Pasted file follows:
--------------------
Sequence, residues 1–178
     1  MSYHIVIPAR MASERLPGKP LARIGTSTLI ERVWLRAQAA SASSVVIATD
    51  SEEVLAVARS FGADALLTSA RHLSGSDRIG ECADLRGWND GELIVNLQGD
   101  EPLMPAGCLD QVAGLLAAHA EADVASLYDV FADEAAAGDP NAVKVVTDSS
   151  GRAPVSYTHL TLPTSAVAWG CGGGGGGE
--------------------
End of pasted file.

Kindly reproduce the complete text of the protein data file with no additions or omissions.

Sequence, residues 1–178
     1  MSYHIVIPAR MASERLPGKP LARIGTSTLI ERVWLRAQAA SASSVVIATD
    51  SEEVLAVARS FGADALLTSA RHLSGSDRIG ECADLRGWND GELIVNLQGD
   101  EPLMPAGCLD QVAGLLAAHA EADVASLYDV FADEAAAGDP NAVKVVTDSS
   151  GRAPVSYTHL TLPTSAVAWG CGGGGGGE